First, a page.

In morphospace plots, morphologically similar species sit closer together than dissimilar species. However, from a convergent evolution perspective these patterns are only interesting if morphologically close species are also phylogenetically distant. I will combine and modify existing approaches (e.g. Stayton 2008 and Muschick et al., 2012) to  quantify the amount of convergence among tenrecs and other species and also determine whether tenrecs have evolved a higher degree of convergence than expected by random chance. Similarly, if tenrecs are significantly disparate from each other I expect that the range and variance of their morphological variation will be both greater than random evolution models and also significantly different from their nearest sister taxa, the Golden Moles (e.g. Harmon et al., 2003).

Many texts claim that convergent phenotypes evolve in animals that fill similar ecological niches. However, morphological and ecological convergences don’t necessarily go hand in hand so, while this idea is certainly very plausible in tenrecs, it is important to test the assumption. Fortunately relevant data on physical habitat characteristics, species range maps, life history traits and overlaps with potential competitors and predators are readily available from a range of sources (e.g. PanTheria, LANDSAT and the IUCN) so I can model the ecological similarities among tenrecs and other species. It will be very interesting to determine whether morphological convergence and ecological similarities truly correlate.

So that’s my plan for at least the next six months or so. Interspersed with working in major museum collections while taking a break to tap dance in a parade down Constitution Avenue in Washington DC, I think there are interesting times ahead.


Sive Finlay: sfinlay[at]tcd.ie

Photo credits


Undead as a dodo?


While most of the younger generations are familiar with the ideas behind Jurassic Park, they are probably also aware that, despite the best efforts of geneticists, there is no possibility of conjuring up a T. Rex from the fossilised remnants that are on display in museums.

However, there are plans afoot to attempt a similarly ambitious project with species that have disappeared from the earth more recently. These reintroduction programmes, where there are currently no living relatives to repopulate the species, have been termed “de-extinction”. The Long Now Foundation (a private, not-for-profit organisation committed to very long-term thinking about the human population) has conceived a Revive and Restore Project that aims to return some of the planet’s missing biodiversity. Candidate species have already been identified and include; the Passenger Pigeon (US), the Great Auk (Europe), the Dodo (Mauritius),the Huia (New Zealand), the Tasmanian Tiger (Australia) and the Woolly Mammoth (Russia).

Woolly Mammoth Replica in Museum Exhibit
Woolly Mammoth

Genetically-altered (“chimeric”) foster parents can be reprogrammed to produce gametes from other species. So, for example, a chimeric duck can produce chicken sperm cells. Once both male and female chimeric foster parents have been created, they would be able to produce offspring of extinct target species. To some extent, the techniques employed to create chimeric foster parents will be similar to techniques already used in cloning. While those techniques have yet to be perfected, scientists with The Long Now Foundation are confident that they will be.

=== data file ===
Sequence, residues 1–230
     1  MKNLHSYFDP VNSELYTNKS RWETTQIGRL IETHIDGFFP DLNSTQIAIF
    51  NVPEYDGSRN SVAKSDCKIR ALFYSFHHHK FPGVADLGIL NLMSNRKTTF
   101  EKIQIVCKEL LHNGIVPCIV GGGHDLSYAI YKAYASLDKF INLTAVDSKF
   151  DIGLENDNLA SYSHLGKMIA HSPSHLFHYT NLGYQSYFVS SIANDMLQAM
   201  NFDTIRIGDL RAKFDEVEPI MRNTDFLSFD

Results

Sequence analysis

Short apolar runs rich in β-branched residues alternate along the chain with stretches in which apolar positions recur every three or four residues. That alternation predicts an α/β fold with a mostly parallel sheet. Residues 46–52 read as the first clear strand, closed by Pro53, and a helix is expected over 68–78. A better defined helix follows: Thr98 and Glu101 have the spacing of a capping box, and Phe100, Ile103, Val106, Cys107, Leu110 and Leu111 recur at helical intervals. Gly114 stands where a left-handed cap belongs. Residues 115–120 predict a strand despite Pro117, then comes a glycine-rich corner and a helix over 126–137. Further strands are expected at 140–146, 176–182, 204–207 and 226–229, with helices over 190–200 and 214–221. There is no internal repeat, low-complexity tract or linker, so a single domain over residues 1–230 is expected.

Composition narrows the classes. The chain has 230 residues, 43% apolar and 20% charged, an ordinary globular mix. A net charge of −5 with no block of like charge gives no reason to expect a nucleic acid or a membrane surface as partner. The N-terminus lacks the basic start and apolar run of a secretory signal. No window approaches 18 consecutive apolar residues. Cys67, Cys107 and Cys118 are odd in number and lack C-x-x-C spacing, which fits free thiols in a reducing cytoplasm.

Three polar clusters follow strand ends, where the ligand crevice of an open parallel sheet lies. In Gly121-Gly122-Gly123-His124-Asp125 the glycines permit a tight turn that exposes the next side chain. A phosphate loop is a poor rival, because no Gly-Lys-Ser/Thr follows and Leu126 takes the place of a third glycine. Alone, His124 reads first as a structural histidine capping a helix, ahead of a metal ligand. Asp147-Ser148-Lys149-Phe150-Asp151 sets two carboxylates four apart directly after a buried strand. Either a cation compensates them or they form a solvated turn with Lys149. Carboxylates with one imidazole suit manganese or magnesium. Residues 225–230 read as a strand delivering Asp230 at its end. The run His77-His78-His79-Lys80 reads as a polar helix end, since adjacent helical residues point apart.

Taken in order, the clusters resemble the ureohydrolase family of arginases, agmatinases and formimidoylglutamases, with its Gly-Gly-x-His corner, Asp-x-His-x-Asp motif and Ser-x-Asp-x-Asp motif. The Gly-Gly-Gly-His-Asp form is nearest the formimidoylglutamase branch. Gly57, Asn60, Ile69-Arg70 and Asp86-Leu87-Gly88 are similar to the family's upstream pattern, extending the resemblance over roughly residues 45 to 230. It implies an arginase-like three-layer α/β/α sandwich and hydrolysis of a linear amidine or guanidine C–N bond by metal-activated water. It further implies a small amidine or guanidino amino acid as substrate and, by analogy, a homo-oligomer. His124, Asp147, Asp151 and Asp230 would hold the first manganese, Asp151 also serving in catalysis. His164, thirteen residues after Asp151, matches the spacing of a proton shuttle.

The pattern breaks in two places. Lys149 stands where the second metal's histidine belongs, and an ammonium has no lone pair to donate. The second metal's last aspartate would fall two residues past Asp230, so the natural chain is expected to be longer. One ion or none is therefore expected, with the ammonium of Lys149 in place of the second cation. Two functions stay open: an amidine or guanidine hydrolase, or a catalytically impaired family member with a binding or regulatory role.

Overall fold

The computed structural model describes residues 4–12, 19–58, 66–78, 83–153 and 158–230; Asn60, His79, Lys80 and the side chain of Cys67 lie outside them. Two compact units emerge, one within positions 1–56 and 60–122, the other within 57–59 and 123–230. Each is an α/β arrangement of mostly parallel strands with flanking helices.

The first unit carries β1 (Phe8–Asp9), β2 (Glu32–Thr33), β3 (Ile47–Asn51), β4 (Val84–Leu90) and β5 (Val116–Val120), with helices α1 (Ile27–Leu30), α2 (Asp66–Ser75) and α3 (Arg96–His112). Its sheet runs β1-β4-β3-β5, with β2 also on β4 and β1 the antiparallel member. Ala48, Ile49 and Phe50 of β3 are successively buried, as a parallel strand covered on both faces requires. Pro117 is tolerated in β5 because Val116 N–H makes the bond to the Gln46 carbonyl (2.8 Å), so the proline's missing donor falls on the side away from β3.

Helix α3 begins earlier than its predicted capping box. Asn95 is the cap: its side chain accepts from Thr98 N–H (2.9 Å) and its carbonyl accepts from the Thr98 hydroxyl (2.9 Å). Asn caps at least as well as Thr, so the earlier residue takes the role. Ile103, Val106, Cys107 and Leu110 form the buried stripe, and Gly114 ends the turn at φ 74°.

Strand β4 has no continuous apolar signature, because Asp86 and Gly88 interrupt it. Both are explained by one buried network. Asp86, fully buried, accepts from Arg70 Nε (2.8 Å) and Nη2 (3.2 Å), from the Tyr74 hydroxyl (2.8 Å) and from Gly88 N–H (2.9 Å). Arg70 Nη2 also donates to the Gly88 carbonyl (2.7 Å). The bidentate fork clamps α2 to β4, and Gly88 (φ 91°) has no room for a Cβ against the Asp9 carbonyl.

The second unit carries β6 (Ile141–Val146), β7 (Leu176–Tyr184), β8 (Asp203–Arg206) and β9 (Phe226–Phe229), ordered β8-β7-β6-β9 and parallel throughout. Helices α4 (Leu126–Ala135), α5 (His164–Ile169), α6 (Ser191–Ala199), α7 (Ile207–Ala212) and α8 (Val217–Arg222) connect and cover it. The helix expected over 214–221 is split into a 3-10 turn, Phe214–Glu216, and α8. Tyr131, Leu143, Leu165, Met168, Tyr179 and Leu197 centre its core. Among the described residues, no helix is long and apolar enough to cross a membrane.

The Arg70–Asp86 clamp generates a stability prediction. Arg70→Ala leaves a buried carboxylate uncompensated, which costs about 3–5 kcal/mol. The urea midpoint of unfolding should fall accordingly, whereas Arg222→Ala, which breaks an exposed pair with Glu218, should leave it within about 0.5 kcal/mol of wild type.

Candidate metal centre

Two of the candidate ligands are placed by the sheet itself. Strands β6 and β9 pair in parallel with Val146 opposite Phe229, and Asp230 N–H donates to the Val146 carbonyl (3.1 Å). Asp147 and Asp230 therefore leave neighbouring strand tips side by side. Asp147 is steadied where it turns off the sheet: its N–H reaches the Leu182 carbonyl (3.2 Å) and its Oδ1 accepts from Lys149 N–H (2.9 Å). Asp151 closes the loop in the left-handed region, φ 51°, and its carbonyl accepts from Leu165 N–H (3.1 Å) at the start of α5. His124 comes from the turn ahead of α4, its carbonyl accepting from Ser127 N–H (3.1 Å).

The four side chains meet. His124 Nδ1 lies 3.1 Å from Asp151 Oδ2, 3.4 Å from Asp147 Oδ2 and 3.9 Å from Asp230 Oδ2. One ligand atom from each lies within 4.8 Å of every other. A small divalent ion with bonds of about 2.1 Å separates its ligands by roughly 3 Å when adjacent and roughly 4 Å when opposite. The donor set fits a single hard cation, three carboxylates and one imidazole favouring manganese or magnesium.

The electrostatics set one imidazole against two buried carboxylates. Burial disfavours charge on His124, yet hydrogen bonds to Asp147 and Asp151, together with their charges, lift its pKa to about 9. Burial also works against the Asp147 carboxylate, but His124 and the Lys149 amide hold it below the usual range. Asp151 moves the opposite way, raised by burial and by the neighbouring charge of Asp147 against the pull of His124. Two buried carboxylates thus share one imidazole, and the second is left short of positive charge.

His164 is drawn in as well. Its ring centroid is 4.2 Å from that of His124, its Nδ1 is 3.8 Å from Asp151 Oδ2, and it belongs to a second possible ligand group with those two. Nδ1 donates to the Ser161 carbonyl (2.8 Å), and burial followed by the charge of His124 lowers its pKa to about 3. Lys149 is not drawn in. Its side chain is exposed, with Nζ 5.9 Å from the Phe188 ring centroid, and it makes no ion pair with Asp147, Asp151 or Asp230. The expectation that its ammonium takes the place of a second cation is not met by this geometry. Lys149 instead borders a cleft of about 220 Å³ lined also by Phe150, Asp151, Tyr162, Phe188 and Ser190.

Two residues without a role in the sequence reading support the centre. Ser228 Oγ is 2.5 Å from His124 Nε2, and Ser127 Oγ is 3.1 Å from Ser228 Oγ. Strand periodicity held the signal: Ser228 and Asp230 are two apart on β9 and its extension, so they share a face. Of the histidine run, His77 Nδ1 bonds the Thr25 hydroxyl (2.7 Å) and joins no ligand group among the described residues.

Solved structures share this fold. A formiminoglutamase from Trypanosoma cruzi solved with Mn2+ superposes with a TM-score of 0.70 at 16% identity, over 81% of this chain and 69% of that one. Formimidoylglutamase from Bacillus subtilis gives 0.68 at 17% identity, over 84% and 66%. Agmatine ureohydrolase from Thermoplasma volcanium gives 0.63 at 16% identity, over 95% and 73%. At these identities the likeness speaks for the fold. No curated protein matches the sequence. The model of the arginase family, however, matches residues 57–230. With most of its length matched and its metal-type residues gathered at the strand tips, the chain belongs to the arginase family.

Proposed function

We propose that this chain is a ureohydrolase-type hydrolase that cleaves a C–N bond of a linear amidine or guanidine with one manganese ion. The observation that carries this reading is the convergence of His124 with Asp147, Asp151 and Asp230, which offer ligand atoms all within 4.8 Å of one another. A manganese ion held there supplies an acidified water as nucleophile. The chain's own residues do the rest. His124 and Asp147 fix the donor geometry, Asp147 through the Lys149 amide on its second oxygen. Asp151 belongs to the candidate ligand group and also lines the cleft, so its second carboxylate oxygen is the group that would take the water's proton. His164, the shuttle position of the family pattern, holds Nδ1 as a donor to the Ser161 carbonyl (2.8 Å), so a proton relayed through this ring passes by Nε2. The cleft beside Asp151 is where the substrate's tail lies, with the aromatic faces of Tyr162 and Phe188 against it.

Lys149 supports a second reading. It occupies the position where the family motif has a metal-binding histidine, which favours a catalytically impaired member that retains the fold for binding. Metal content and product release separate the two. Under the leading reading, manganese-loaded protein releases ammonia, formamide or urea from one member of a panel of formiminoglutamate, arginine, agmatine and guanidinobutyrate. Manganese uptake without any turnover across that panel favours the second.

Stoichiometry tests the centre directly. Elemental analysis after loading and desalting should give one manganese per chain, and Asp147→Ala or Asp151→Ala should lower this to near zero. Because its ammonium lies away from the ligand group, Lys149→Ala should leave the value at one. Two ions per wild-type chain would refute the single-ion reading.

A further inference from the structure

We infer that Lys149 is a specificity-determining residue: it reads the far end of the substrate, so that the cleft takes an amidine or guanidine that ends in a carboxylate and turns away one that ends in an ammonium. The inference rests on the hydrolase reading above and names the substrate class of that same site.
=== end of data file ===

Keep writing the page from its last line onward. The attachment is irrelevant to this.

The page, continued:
Great Auk
Great Auk

It seems likely that the Passenger Pigeon will be selected as the first species for de-extinction, because recent phylogenetic work has identified important genetic sequence information, as well as its nearest extant relatives (Johnson et al. 2010). However, it is unlikely that laboratory work will begin on the de-extinction immediately; the ethical and ecological debates surrounding these issues are likely to be protracted.

But if de-extinction can work and the technology is embraced as an important ecological restoration technique, what incredible venues the zoos of tomorrow might be. They could become the places where you go to see the first representatives of a species, rather than the last.


David J Kelly: djkelly[at]tcd.ie

Photo credit


wikimedia commons

Chronicle of a death foreseen


Why did Neanderthals go extinct while humans prospered? There are volumes full of speculations into the decline and fall of our burly cousin who last walked the Earth 30,000 years ago. Climate change may have reduced the large herbivores on which they depended for food. Humans may have inadvertently spread lethal diseases to them when we first came into contact. Perhaps the most sinister hypothesis is that we extirpated them in an ancient act of genocide (/speciescide?).

Researchers at Oxford now argue that Neanderthal orbit size gives us an insight into the reason for their downfall. They reason that, as Neanderthals had relatively larger eyes than humans, more of their brain was dedicated to visual systems. This was an adaptation to their habitats in the higher latitudes where light conditions were poorer. This came at a cost though because the evolved brain can’t be a master of all trades, there must be some tradeoff. In this case the authors propose that the Neanderthals suffered a reduction in their cognitive abilities.  This was significant because it meant that your average Neanderthal could deal with fewer social partners than a comparable human.